Is naturalised as an Italian citizen in 1947. Following the dissolution of his first marriage, he marries Topazia Caetani, descendant of a distinguished Roman artistocratic line.

His international conducting career over this thirty-year period will take Markevitch to music directorships in Stockholm (1952–55), Montreal (1956–60), Havana (1957–58), Paris (the Concerts Lamoureux, 1957–61), Madrid (1965–69), Monte Carlo, and the Santa Cecilia Orchestra in Rome. He also holds conducting courses in Salzburg, Mexico, Moscow, Madrid, Monte Carlo and Weimar.


Markevitch has effectively suppressed his music for 35 years when he receives an invitation from Hervé Thys to conduct Icare and Le Paradis perdu for the Royal Philharmonic Society in Brussels. The concert is a success, and leads to over one hundred performances in fifteen countries during the following three years.

In connection with the Brussels performances (which Markevitch conducts himself), David Drew, then Director of New Music at Boosey and Hawkes music publishers, London, makes contact with Markevitch. Progressively over the next few years, Drew persuades Markevitch to unearth his entire oeuvre, for which Boosey and Hawkes offer a new and comprehensive publication contract.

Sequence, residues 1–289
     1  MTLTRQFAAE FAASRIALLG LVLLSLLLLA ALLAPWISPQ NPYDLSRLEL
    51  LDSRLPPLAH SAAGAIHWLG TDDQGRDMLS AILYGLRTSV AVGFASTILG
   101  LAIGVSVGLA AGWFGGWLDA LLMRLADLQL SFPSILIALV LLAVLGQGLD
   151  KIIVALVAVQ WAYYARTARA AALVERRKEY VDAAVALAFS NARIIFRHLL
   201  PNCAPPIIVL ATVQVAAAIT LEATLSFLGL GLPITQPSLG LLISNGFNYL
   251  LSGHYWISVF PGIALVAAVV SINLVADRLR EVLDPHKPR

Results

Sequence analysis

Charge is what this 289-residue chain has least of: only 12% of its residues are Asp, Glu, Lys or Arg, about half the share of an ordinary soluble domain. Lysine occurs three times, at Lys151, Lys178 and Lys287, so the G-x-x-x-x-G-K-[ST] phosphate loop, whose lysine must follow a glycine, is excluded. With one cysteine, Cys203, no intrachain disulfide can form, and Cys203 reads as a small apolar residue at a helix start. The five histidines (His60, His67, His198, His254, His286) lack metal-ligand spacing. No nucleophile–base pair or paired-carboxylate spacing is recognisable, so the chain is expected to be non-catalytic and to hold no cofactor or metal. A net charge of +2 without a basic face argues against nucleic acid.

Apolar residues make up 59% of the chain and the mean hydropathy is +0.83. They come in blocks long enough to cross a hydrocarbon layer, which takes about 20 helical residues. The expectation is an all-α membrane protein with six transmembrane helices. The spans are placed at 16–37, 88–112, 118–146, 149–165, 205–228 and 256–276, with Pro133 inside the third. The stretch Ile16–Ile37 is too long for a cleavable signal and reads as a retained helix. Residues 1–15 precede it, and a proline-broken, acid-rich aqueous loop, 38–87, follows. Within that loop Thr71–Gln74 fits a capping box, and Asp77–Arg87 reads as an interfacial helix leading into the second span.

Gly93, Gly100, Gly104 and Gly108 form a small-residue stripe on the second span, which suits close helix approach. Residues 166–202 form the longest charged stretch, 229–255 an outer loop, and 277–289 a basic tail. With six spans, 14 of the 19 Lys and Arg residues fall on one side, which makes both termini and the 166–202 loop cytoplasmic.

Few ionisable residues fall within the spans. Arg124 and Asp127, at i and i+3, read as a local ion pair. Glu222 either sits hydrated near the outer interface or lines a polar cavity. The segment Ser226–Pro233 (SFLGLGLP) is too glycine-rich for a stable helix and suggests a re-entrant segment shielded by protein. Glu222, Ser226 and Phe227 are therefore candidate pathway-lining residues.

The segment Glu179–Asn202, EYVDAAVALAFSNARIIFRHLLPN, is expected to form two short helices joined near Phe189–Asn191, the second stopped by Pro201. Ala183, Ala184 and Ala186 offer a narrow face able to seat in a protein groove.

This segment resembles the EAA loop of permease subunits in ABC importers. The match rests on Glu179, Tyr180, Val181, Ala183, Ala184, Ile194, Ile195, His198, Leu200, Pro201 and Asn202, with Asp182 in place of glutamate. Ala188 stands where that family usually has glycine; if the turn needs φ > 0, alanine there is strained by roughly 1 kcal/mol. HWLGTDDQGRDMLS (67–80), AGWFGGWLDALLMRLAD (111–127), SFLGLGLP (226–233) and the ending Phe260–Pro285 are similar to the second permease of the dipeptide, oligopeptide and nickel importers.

Nevertheless, the present series of recordings, commenced eighteen years later in December 1995, are the première recordings of all but a handful of works which are preserved from 1930s radio broadcasts, and a technically poor recording on 78s of L’Envol d’Icare dating from 1938.


Publication by Gallimard of the composer’s autobiography, Être et avoir été (Being and having been). To some extent a roman à clef, the book reveals much even as it hides or obfuscates more.

In this year Markevitch undertakes revision of some of his 1930s compositions, in preparation for a series of performances in Brussels.


Only a short time after his first, triumphant return visit to Ki’ev, his city of birth, Markevitch suddenly falls ill, dying in Antibes on 7 March.

© 1996 and 2009 Christopher Lyndon-Gee


Cantique d’Amour (Hymn to Love) (Corsier, Switzerland, October–4 December 1936)

When, after an interval of nearly forty years, Markevitch again heard Cantique d’Amour towards the end of his life, he gently rebuked it for having too much “magic” and for sounding “too good”.¹

This short composition, orchestrated with a luxuriant vocabulary worthy of Ravel, feather-bedded with harmony redolent of Skryabin, is unique in his output. Its rich language was soon rejected for the astringent, almost violently energetic classicism of Le Nouvel Age as he prepared to enter his own New Age, an age of performing the music of others, untrammelled by what had become the burden of his own creativity.